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Year : 2020  |  Volume : 11  |  Issue : 4  |  Page : 226-228

Rare or rarely detected: Septic pulmonary embolism with tricuspid valve infective endocarditis after an unsafe abortion

Department of Cardiology, All India Institute of Medical Sciences (AIIMS), Rishikesh, India

Date of Submission05-Sep-2020
Date of Decision04-Oct-2020
Date of Acceptance04-Oct-2020
Date of Web Publication27-Nov-2020

Correspondence Address:
Dr. Shishir Soni
808, Building Number 85, All India Institute of Medical Sciences, Rishikesh Campus, Veerbhadra Road, Rishikesh, Uttarakhand
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Source of Support: None, Conflict of Interest: None

DOI: 10.4103/INJMS.INJMS_109_20

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Septic pulmonary embolism (SPE) with isolated tricuspid valve infective endocarditis (TVIE) after an unsafe abortion is an uncommon condition. However, unsafe abortion is common among reproductive-age women, especially in underdeveloped and developing countries contributing significantly to increased maternal mortality. As infective endocarditis and SPE are likely to be missed in transthoracic echocardiography and chest X-ray, respectively, in its incipient stage, there is a possibility that many cases of SPE with TVIE following such a predisposing condition may remain undiagnosed. We report a case of 26-year-old female with recent unsafe abortion who was diagnosed to have SPE with TVIE. Her clinical course depicts the possibility of missing the diagnosis, especially if subtle findings are overlooked that are emphasized in this case report.

Keywords: Septic pulmonary embolism, tricuspid valve infective endocarditis, unsafe abortion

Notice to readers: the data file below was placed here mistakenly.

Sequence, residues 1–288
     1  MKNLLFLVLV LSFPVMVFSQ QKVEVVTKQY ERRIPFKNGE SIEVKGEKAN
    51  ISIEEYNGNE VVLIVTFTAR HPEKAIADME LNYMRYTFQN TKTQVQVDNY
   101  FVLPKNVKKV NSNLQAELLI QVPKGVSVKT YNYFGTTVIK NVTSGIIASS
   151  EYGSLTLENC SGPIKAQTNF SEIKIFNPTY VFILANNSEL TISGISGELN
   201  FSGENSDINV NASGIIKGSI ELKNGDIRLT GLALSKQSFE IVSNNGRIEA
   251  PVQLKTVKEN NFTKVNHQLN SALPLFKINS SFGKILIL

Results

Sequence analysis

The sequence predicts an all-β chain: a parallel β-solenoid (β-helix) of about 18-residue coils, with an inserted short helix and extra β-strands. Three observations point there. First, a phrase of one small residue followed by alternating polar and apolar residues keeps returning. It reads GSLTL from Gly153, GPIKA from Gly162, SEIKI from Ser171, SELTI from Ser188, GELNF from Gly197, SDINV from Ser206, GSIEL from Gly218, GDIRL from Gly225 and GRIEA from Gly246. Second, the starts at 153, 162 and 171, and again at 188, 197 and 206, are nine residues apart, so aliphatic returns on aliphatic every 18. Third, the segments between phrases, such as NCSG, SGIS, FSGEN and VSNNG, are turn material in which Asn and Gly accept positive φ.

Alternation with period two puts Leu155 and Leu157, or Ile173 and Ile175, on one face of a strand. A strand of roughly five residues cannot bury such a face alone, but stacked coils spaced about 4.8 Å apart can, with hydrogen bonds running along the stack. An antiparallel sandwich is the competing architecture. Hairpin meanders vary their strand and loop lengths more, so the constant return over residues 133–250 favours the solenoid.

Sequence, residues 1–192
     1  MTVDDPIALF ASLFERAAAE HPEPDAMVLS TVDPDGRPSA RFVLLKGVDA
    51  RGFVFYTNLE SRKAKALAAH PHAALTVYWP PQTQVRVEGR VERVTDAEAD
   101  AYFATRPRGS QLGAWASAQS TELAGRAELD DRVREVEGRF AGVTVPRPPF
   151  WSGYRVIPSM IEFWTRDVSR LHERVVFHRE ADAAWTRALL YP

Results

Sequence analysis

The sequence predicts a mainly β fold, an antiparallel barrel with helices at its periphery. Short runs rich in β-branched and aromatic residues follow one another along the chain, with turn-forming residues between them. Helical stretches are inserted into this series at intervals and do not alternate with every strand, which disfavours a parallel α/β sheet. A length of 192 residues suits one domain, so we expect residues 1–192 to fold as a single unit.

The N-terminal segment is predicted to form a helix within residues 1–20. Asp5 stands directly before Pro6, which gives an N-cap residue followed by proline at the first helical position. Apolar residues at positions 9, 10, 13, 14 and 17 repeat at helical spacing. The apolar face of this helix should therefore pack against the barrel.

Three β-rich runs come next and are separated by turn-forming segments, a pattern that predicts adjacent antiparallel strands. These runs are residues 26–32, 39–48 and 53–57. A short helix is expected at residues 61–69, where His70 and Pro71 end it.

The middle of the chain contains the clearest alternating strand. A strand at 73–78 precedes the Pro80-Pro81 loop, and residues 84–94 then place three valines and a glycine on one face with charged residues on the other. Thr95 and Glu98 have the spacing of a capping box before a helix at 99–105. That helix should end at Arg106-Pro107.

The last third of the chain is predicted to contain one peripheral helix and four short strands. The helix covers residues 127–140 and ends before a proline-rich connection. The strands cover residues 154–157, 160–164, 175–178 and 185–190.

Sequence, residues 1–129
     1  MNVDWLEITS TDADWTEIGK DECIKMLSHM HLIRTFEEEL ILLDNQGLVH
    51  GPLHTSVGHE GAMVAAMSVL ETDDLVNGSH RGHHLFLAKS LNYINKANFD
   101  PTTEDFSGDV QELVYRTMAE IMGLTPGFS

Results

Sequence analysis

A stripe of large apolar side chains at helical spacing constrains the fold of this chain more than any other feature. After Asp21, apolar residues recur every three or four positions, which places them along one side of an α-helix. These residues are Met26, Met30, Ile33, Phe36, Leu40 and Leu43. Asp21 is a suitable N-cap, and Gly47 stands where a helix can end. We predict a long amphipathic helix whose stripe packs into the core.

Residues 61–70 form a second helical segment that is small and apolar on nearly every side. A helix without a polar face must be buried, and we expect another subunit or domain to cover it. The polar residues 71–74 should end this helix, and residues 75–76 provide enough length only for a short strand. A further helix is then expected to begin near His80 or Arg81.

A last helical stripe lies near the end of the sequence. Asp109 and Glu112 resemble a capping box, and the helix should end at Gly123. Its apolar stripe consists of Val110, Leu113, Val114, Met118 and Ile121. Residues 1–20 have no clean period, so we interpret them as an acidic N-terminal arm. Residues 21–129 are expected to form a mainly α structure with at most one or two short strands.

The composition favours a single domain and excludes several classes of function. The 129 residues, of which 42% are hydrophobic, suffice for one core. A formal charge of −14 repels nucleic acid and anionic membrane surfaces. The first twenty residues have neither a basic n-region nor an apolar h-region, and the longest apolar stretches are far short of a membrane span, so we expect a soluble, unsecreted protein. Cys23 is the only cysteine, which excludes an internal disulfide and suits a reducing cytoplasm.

How to cite this article:
Kumar B, Chauhan G, Soni S, Singh A. Rare or rarely detected: Septic pulmonary embolism with tricuspid valve infective endocarditis after an unsafe abortion. Indian J Med Spec 2020;11:226-8

How to cite this URL:
Kumar B, Chauhan G, Soni S, Singh A. Rare or rarely detected: Septic pulmonary embolism with tricuspid valve infective endocarditis after an unsafe abortion. Indian J Med Spec [serial online] 2020 [cited 2023 Mar 31];11:226-8. Available from: http://www.ijms.in/text.asp?2020/11/4/226/301717

  Introduction Top

Septic pulmonary embolism (SPE) is a known complication after infective endocarditis (IE); however, its prevalence among patients with IE is <6%.[1] SPE in association with Tricuspid valve infective endocarditis (TVIE) after an unsafe abortion has been described in a few case-reports only.[2] IE with isolated involvement of tricuspid valve (TV) is rare in the absence of predisposing conditions such as intravenous drug abuse.[3] However, unlike SPE with TVIE, which is an uncommon condition, unsafe abortion is common among reproductive-aged women, especially in underdeveloped and developing countries contributing to around 13% of maternal mortality each year globally.[4] IE and SPE are likely to be missed in transthoracic echocardiography (TTE) and chest X-ray, respectively, in its incipient stage. We report such a case depicting the clinical course, diagnostic and therapeutic challenges encountered in managing TVIE with SPE after an unsafe abortion.

  Case Report Top